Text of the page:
The 1950 Town & Country Newport coupe was the swan song for Chrysler’s wonderful wood-sided luxury cars. As some of the most expensive models in Chrysler’s lineup, these “woodies” were often the car of choice for celebrities and movie stars.
Yet, even the brightest name on the biggest marquee eventually fades away. By the time 1950 rolled around, the Town & Country’s time in the spotlight was drawing to a close. Ironically, despite being in its last year, Chrysler opted to roll out an entirely new variant.
Less than 700 examples of the Town & Country Newport were produced in the model’s final year of production. This was the first, and the last, wood-bodied hardtop coupe that Chrysler would build.
As you can see, the body of the car combined steel panels with an overlay of white ash. Long before Chrysler tainted the reputation of its wood-paneled masterpieces with newer versions sporting tacky decals and plastic-wood (here’s looking at you K-cars), the last true Town & Country is a glorious combination of old-world craftsmanship and Art Deco design.
The ash frames had to be hand-formed to each model, a process that took lots of time and incredible skill. This laborious process also explains the $4,000-plus price-tag this car wore when it was brand new on a dealership lot.
Speaking of dealerships, this particular example has led a very sheltered life, courtesy of the Indiana-based Chrysler dealer who ordered it from the factory. Not only has it covered only 4,100 miles over its 67-year lifespan, the car has \never been titled. The Chrysler still has its Dealer MSO (Manufacturers Statement of Origin) and sports many other unique details that set it apart.
Unlike the majority of Town & Country Newport coupes, this model is fitted with a black top, not the usual white one. There are also Imperial logos affixed to each C-pillar, a feature not seen on any other example.
This must have been a one-off custom order, according to the staff at the NB Center in Allentown, Pennsylvania, where this Chrysler now resides. Since joining the Bulgari collection in 2010, this car has remained without a title, to keep the unique provenance intact.
That doesn’t mean this stately machine leads an idle life. Sliding onto the wide black-and-white front bench seat, you feel as though you’ve walked into the lobby of the Chrysler building in New York City. Art Deco design touches are everywhere, from the incredibly over-engineered look of the dashboard and gauges, to subtle fluting on the hand cranks for the windows. Jet age designs were coming up quickly circa 1950, but this car harkens back to a previous era that didn’t include towering tail fins or flashy tri-color paint jobs.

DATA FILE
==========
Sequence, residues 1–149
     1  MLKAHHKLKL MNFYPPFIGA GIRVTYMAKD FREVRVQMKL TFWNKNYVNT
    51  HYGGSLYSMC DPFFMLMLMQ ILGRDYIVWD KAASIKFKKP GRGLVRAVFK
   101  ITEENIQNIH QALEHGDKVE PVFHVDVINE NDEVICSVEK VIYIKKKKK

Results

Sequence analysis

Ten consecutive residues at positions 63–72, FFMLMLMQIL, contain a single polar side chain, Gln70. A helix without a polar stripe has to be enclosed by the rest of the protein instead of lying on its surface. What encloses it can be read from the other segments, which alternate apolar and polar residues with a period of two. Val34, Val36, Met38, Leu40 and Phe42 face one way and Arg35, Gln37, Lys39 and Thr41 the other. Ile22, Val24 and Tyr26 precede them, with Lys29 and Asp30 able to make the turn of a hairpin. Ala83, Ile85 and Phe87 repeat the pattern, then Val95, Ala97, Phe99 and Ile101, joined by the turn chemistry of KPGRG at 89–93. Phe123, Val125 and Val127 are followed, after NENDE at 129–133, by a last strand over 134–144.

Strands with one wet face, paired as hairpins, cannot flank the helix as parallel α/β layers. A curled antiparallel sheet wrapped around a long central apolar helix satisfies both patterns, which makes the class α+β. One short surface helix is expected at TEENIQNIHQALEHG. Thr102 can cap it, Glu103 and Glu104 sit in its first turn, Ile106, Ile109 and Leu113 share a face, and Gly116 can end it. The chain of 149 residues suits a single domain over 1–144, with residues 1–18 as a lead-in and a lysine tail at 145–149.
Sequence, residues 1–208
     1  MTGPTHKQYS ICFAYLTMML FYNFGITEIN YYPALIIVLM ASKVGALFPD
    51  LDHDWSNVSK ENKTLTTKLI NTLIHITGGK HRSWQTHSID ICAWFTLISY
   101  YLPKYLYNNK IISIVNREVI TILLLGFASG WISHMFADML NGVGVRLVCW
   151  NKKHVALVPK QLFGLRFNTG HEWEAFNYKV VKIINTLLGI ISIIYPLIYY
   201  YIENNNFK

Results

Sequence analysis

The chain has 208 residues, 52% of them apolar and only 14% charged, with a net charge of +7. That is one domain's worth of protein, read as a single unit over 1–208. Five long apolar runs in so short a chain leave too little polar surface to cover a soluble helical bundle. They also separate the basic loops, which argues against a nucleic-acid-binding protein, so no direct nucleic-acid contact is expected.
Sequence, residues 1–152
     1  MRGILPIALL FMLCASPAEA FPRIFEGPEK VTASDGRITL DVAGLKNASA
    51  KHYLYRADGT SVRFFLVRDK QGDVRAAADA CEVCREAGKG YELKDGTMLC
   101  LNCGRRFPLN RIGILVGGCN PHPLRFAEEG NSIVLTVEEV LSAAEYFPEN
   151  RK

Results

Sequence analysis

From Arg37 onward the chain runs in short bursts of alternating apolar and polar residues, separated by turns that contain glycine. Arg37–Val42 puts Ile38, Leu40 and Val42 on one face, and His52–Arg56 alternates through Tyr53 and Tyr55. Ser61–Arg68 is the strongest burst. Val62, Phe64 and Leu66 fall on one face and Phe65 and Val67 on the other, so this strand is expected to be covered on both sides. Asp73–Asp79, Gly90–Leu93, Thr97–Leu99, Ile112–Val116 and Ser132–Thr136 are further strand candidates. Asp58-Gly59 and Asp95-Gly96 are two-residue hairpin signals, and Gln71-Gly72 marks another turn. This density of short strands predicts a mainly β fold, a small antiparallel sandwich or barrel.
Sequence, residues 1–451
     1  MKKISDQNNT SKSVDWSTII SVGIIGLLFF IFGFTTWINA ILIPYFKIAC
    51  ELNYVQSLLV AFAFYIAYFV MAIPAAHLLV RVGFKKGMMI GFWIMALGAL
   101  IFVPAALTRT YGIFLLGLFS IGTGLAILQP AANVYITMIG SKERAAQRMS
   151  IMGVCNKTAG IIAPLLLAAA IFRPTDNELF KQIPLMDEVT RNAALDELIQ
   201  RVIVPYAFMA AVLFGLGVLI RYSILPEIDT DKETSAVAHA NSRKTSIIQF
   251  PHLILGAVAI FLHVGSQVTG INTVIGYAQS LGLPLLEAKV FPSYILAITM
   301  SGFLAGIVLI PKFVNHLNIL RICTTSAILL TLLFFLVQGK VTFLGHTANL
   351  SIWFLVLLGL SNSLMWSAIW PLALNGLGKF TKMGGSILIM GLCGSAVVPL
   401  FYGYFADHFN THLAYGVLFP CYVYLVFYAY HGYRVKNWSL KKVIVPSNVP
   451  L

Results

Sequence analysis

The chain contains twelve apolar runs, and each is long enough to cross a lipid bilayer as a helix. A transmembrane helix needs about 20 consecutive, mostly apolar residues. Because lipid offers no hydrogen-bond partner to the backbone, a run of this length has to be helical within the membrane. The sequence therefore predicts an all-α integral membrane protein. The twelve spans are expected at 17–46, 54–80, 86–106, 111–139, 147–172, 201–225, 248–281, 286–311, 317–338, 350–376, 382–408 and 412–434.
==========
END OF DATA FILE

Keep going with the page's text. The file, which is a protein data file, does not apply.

It sure does have chrome, that’s for sure! The front and rear bumpers are massive, and streaks of chrome flow along each side of this imposing Chrysler. And honestly, do white-wall tires get any whiter, or more charming, than the ones found on this Town & Country? Taking exterior photos of the Chrysler proved an exercise in trying to hide my reflection in the copious amount of shiny metal that covers so much of the exterior.
On the private test track at the NB Center, the Chrysler’s refined driving manners are a match for its regal bearing. The car wafts along, riding on a 127.5-inch wheelbase as we twirl the giant steering wheel while navigating the course.
Unlike several others cars we’ve driven on the track, there were no tire squealing antics performed in the Town & Country. While we don’t doubt the 135-horsepower, 323.5 cubic inch inline-8 and Fluid Drive transmission can get the job done with plenty of gusto, it simply didn’t seem fitting to drive like a hooligan in such a classy automobile.
Mastering the Fluid Drive gearbox does take a little practice. You can sum up this transmission as being a half-step between a manual and full automatic. The clutch pedal is primarily used to get the car rolling from a dead stop. The peculiar thing is you don’t have to feather it much at all, the process is much more of a ‘step on’ and ‘step off’ affair. You feel like you’re being rough on the car, but it works every like a charm every time.
Once rolling, you can ignore the clutch pedal and swap through gears using the column mounted shifter. There are some noticeable “thunks” when changing gears, though we were assured the noises were absolutely normal for this quirky transmission.
The Chrysler Town & Country Newport feels like it should be pulling into a country club, or a posh movie premiere with a starlet perched on the passenger seat. Steeped in style and class – not to mention that hand-crafted ash wood – this is a classic car that knows how to make an entrance.